This is a quick procedure to install a terminal without going through a Setup procedure for both the terminal and the host computer. It probably will not work right if the terminal happens to have been set up incompatible with the computer. If you don't understand some of it you'll need to consult other parts of this document for more info.
To install a terminal, first look in
terminfo.src to find an entry for it (see Terminfo and Termcap (detailed)). Figure out what serial port you'll connect it to and what the tty designation is for that port (e.g. ttyS1), see Device Names). As the root user, edit
/etc/inittab and add a getty command next to the other getty commands. The format of the getty command depends on which getty program you use.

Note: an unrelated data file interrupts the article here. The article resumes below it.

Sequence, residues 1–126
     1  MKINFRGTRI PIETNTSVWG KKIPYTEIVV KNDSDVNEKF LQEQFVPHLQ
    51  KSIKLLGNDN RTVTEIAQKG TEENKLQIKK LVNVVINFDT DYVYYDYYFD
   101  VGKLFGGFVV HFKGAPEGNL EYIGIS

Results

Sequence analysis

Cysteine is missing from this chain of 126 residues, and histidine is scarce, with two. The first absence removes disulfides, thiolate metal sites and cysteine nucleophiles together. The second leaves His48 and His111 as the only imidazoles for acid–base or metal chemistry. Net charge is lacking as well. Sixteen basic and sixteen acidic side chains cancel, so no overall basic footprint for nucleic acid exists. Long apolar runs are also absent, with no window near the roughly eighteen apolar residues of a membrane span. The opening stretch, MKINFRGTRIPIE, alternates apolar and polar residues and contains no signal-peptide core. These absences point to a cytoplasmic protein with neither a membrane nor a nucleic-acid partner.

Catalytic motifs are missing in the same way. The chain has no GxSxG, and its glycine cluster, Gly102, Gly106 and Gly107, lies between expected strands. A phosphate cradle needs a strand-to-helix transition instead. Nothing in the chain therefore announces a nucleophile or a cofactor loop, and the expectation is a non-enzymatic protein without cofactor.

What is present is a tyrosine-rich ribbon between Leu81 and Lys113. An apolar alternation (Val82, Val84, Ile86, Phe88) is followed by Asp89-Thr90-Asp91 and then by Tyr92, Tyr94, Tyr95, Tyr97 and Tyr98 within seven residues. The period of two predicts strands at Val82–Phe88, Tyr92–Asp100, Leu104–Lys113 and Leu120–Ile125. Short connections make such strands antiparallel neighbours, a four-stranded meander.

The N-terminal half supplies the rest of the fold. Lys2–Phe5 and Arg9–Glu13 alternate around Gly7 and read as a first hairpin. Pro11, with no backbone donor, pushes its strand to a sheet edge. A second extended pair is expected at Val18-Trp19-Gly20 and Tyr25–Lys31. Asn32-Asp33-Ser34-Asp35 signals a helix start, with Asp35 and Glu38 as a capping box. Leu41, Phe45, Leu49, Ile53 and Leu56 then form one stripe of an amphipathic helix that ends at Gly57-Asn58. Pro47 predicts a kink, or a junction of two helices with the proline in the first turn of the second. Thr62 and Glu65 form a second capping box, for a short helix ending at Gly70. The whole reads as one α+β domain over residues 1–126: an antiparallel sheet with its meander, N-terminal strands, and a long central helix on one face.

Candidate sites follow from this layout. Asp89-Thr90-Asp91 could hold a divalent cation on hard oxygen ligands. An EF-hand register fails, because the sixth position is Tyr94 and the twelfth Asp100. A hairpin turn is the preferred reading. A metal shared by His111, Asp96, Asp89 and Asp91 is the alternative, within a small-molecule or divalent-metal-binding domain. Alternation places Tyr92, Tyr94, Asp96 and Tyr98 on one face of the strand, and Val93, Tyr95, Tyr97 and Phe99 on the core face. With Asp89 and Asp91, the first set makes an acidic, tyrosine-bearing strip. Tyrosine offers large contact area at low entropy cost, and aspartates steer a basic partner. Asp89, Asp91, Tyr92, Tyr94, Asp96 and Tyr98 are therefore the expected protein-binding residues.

agetty (called just
getty in the Debian distribution) is the easiest (no configuration file). See the "
info" or "
getty. For getty parameters use the terminfo (or termcap) name (such as vt100) for your terminal. Type in a baud-rate that the terminal supports. But if you set the baud too high you may need to use (See Flow Control).
Then physically connect the main serial port of the terminal to the chosen serial port of the computer with a null-modem cable and turn on the terminal. Don't expect most ready-made cables to be wired correctly for hardware flow control. Make sure the baud-rate of the terminal is set the same as you gave to getty and that its "data bits" is 8. Then at the computer console type "init q" to apply the changes you made to the inittab file. You should now see a login prompt at the terminal. If you don't, tap the terminal's return key. If this doesn't work read more of this document and/or see Trouble-Shooting.